Now what's different this time? With Xcode 11, or more precisely with or "for" SwiftUI and Combine, there were addtions to Swift that did not go through the normal Swift Evolution process before making it into the language. Again, don't get me wrong, those changes are really nice features and I still love where the language is going. But with those features taking a "shortcut", a lot of the problems of this year's betas began.
Let's take the new "Property Wrappers" as an example. They introduce a really cool way of "wrapping" a value within a certain container, whilst not having to deal with the container itself too much. A few common such containers are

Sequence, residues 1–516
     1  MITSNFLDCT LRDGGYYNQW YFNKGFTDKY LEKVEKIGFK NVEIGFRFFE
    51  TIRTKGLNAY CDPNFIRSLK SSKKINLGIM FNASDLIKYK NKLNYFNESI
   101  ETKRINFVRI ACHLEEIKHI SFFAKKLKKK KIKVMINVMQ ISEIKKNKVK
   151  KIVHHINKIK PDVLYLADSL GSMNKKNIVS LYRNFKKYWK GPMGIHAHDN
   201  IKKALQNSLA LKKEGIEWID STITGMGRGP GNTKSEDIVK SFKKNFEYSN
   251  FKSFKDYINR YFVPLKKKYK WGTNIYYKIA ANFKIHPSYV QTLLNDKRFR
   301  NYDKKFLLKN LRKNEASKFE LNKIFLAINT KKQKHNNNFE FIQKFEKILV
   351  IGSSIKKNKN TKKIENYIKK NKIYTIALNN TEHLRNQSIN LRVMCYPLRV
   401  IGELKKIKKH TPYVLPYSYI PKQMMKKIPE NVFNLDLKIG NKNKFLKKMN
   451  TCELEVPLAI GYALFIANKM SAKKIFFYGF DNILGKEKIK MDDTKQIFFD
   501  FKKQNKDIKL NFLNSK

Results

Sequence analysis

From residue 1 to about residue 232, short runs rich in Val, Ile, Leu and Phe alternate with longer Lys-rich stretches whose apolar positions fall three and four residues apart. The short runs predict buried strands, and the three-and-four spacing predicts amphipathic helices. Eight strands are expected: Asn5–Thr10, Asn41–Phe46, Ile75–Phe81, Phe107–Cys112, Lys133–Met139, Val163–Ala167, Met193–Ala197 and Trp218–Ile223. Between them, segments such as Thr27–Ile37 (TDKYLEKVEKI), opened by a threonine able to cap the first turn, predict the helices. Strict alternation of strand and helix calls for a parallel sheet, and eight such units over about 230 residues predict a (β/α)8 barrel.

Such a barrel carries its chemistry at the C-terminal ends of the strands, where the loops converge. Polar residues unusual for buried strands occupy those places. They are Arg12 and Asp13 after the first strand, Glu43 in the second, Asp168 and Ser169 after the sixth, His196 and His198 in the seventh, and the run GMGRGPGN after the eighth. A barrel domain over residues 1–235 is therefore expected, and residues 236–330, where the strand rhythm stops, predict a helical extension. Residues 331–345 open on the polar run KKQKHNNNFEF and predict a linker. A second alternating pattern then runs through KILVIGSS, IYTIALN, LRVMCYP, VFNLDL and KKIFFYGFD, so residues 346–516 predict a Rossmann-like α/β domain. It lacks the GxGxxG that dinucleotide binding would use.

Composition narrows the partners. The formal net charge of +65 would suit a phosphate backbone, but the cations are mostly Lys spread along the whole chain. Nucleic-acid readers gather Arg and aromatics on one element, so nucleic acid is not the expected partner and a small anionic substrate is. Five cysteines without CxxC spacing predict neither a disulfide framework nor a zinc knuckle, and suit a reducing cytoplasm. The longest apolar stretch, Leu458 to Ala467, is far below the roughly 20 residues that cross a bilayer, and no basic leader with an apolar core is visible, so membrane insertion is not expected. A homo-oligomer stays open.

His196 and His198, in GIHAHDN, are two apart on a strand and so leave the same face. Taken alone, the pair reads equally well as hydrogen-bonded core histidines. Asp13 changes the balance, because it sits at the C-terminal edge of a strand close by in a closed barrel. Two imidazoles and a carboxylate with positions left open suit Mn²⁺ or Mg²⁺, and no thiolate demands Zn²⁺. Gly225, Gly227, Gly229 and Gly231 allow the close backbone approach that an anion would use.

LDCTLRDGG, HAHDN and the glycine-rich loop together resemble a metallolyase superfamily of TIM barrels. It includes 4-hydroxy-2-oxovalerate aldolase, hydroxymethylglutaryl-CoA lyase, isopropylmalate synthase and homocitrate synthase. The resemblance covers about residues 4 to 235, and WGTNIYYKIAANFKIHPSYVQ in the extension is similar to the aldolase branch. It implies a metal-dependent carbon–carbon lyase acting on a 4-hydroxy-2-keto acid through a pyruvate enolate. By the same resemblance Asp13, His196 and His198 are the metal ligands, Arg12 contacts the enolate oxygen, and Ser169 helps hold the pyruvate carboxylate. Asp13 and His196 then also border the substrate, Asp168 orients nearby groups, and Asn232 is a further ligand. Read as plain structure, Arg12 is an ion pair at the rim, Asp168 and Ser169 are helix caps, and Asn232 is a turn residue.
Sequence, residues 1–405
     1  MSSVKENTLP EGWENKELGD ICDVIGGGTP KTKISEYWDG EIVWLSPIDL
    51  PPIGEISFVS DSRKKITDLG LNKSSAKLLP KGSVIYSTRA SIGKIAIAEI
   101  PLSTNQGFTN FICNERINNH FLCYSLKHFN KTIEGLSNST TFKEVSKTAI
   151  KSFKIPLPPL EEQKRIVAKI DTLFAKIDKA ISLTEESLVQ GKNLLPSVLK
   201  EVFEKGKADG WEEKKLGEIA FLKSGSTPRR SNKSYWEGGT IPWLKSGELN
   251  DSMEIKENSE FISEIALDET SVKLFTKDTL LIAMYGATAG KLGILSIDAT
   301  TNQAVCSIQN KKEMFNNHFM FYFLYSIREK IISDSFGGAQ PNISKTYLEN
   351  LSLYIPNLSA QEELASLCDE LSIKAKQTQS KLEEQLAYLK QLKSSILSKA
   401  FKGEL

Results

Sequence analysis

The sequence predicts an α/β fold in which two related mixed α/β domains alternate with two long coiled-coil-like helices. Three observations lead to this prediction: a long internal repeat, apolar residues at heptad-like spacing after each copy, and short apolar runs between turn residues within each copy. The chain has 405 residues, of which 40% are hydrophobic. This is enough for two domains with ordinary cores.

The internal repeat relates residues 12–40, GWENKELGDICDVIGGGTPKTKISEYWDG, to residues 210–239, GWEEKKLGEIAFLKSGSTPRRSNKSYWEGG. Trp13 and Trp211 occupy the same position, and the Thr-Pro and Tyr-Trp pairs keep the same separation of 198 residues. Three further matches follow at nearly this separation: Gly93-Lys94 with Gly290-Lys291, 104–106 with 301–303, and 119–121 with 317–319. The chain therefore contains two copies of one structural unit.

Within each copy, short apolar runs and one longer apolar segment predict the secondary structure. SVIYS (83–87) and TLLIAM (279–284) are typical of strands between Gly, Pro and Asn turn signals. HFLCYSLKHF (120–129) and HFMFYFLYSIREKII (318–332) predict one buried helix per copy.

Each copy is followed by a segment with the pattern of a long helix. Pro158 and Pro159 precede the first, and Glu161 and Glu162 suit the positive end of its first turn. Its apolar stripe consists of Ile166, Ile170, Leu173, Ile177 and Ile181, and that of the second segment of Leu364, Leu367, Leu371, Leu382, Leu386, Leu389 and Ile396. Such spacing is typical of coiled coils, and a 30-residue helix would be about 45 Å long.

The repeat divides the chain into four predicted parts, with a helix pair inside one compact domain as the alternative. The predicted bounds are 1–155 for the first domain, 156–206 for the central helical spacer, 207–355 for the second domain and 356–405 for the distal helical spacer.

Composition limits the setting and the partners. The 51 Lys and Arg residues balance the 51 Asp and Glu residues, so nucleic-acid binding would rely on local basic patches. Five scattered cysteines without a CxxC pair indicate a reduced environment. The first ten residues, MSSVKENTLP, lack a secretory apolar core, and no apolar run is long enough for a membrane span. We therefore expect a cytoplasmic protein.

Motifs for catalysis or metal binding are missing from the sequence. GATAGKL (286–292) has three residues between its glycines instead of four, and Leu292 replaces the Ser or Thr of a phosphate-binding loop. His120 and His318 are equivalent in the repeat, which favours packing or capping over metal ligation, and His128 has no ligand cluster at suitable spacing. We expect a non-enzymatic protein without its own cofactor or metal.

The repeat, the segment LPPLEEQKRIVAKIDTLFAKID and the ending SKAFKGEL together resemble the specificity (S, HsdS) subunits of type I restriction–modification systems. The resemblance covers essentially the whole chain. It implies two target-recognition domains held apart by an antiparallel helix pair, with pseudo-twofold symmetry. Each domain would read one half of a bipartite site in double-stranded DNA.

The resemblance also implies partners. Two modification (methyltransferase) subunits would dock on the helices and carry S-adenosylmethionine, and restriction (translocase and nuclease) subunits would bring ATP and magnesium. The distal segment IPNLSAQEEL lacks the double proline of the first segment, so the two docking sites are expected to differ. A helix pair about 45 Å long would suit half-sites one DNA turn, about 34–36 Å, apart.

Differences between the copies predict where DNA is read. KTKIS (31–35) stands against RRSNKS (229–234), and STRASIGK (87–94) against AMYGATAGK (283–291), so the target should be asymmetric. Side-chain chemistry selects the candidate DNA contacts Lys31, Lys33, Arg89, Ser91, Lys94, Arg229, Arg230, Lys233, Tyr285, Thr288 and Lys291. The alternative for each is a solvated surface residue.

Box, etc. I think many projects had one or the other container implementation. Personally, I've even tried to achieve something similar to "Property Wrappers" inside my FFFoundation framework. Now, with Swift 5.1, creating such property wrappers became a piece of cake. Slapping an annotation to the container type and possibly renaming a few properties and initializer and that's it. There is really a lot of potential on them. But they also demonstrate clearly the overall chaos that is present in this year's betas. In the first beta, it's normal to have bugs. And so I wasn't surprised at all that the property wrappers didn't yet work perfectly. However, the property wrappers were one of a few additions to Swift this year, that have not yet gone through Swift Evolution. But they are necessary in a very substantial way for the two new Swift frameworks SwiftUI and Combine. To be honest, I don't know exactly when the corresponding proposals for those features were effectively created. I think some of them existed (be it in a more verbose form) before the keynote of WWDC. But their process started after the first beta. And with it came a lot of problems. During the public and later private discussion, the naming of the underlying property of a property wrapper was adjusted many times. So was the naming of the initializer and the annotation that has to be applied to the type. In a effort to be backwards compatible, the old naming was supported for a few releases. Even worse, some of the frameworks weren't adjusted in time, so that certain betas shipped with outdated frameworks - throwing warnings that only confused developers.